Recent Study on the Feasibility of High Spatial Resolution Working Modes for Renovated Clinical PET Scanner
This is a feasibility study on improving the spatial resolution of clinical PET, by slightly renovating the
PET scanner design such that high spatial resolution working modes (HSRWM) are achievable.
Introduction: The poor spatial resolution of prevalent PET imaging has restrained its sensitivity in
imaging small lesions, e.g. early-stage cancers or small metastasis. This drawback is caused by 2
essential requirements in clinic: A relatively large diameter (e.g. 80cm) for PET scanner to accumulate
patients, and sizeable scintillator detectors to maintain a reasonable collecting efficiency. In recent
decade more efforts focused on improvement of detector resolution, e.g. digital PET, since the
request on ring diameter is fundamental.
Methods: The novel concept of equivalent position of imaging was proposed for the first time. A
typical static PET scan can be virtually considered as superposition of m equivalent sub-scans at m
different equivalent imaging positions, when the scanner ring is systematically adjusted its angular
orientation within one detector size. In this case each detector is virtually divided into m equal subdetectors,
without physical minimizing the detector size. The contributions of those sub-scans are
analytical by an m x m matrix. The time for performing a high-resolution scan could be comparable to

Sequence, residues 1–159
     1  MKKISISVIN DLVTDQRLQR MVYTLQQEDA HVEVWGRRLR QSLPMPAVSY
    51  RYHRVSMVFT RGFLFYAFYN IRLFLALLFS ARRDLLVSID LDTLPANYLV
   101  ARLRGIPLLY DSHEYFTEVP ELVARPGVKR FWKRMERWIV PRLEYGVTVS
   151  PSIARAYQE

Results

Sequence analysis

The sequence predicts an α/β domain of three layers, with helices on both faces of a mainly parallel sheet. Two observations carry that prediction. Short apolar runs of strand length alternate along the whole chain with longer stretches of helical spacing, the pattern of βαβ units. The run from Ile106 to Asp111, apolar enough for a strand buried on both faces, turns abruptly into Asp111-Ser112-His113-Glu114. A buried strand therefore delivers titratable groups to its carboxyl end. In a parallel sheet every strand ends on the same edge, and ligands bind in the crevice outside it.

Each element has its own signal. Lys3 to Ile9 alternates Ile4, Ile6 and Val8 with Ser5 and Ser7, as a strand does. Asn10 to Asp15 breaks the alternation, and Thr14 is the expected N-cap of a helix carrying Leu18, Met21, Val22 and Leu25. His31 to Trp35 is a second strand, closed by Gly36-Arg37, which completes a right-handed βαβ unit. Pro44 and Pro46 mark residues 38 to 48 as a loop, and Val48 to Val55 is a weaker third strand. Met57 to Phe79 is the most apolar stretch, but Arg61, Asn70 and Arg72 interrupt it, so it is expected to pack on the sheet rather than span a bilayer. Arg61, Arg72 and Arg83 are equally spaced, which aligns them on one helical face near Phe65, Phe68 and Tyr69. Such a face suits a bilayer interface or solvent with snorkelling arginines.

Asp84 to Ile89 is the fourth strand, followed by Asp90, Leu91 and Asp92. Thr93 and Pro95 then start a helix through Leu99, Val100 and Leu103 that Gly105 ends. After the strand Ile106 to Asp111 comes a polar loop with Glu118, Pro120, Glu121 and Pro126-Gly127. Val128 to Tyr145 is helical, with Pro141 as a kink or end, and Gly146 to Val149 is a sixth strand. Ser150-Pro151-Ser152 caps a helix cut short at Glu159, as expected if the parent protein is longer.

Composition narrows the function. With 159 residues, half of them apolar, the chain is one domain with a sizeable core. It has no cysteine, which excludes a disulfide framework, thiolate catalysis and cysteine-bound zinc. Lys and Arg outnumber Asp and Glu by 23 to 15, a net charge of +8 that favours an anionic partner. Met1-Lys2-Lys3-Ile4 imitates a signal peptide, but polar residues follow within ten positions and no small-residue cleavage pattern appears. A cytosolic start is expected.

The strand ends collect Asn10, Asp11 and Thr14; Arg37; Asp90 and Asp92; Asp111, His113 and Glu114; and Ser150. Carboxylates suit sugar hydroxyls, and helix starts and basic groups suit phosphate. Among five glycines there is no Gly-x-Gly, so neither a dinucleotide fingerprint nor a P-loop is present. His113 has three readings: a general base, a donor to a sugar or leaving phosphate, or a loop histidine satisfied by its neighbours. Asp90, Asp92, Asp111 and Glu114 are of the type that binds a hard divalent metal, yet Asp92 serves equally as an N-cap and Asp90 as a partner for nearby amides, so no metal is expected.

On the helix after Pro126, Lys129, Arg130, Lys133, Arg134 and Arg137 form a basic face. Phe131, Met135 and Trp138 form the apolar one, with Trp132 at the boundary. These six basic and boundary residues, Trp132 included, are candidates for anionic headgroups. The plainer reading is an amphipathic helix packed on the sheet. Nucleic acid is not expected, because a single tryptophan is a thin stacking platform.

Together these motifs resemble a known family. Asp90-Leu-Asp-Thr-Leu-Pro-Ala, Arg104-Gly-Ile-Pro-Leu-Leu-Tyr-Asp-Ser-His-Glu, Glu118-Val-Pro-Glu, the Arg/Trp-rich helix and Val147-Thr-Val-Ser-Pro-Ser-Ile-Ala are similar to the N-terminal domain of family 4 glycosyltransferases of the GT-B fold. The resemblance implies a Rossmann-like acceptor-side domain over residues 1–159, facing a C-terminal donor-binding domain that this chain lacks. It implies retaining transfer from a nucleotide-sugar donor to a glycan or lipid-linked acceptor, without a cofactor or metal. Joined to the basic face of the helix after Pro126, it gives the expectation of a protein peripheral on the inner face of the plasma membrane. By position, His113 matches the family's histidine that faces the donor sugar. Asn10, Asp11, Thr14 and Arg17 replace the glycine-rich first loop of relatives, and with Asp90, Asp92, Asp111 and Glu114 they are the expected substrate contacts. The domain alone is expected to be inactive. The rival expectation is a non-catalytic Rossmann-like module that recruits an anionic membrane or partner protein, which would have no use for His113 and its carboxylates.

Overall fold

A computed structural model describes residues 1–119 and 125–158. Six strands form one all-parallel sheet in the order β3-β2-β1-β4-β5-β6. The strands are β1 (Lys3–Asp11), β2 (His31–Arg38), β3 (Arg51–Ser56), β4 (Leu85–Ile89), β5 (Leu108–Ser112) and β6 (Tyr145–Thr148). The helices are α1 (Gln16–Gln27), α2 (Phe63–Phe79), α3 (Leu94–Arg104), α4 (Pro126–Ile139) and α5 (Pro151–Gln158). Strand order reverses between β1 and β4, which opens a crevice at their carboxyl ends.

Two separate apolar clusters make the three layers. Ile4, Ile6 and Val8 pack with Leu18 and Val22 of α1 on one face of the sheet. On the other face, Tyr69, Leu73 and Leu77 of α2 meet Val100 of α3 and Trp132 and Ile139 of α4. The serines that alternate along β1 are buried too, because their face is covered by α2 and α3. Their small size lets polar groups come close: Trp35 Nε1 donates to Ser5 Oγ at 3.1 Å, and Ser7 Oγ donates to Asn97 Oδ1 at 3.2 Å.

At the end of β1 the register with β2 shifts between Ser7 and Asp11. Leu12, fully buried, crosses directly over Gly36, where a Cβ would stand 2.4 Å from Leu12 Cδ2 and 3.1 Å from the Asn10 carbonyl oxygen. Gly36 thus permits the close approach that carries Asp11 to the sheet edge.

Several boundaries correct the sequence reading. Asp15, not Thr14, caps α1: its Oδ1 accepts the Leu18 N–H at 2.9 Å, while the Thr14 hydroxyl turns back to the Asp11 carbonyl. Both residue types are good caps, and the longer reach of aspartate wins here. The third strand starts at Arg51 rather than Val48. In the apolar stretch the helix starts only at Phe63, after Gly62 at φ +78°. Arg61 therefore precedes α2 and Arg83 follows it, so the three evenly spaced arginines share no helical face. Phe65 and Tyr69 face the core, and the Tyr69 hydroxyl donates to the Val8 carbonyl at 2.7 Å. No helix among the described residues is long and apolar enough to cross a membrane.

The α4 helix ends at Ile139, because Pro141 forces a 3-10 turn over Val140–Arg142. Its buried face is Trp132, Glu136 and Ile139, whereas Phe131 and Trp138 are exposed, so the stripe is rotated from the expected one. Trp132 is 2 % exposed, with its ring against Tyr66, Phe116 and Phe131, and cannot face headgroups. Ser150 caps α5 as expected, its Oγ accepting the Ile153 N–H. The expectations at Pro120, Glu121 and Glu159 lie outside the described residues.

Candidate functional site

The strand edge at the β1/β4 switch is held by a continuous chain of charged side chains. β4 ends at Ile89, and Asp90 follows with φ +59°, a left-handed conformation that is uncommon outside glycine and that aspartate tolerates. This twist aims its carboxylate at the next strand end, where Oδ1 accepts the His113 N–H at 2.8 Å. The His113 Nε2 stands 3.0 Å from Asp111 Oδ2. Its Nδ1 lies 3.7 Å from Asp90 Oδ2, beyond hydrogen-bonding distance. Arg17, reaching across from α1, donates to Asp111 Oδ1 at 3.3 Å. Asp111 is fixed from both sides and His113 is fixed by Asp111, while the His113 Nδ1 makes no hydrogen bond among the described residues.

a typical PET scan, as long as the Poisson noises are insignificant to low-uptake voxels.
Discussion: Three dimensional modeling for imaging at different m were also conducted. As a result,
for a typical scanner design e.g. 80cm in diameter with 18F as tracers, the spatial resolution of double
sub-scans (m =2) is 2.56mm, and 2.19mm for triple sub-scans (m=3). Scanning at high m (m>2) will
slightly drop contrast resolution, hence m=2 is preferably recommended.
Conclusion: As a compatible approach to digital PET and other technological renovation, the novel
HSRWM design is feasible, enabling PET to image small lesions in clinic.
Author (s) Details
Assistant Professor Department of Radiation Oncology, Penn State Health Milton S. Hershey Medical Center Hershey, PA 17033-0850, USA.
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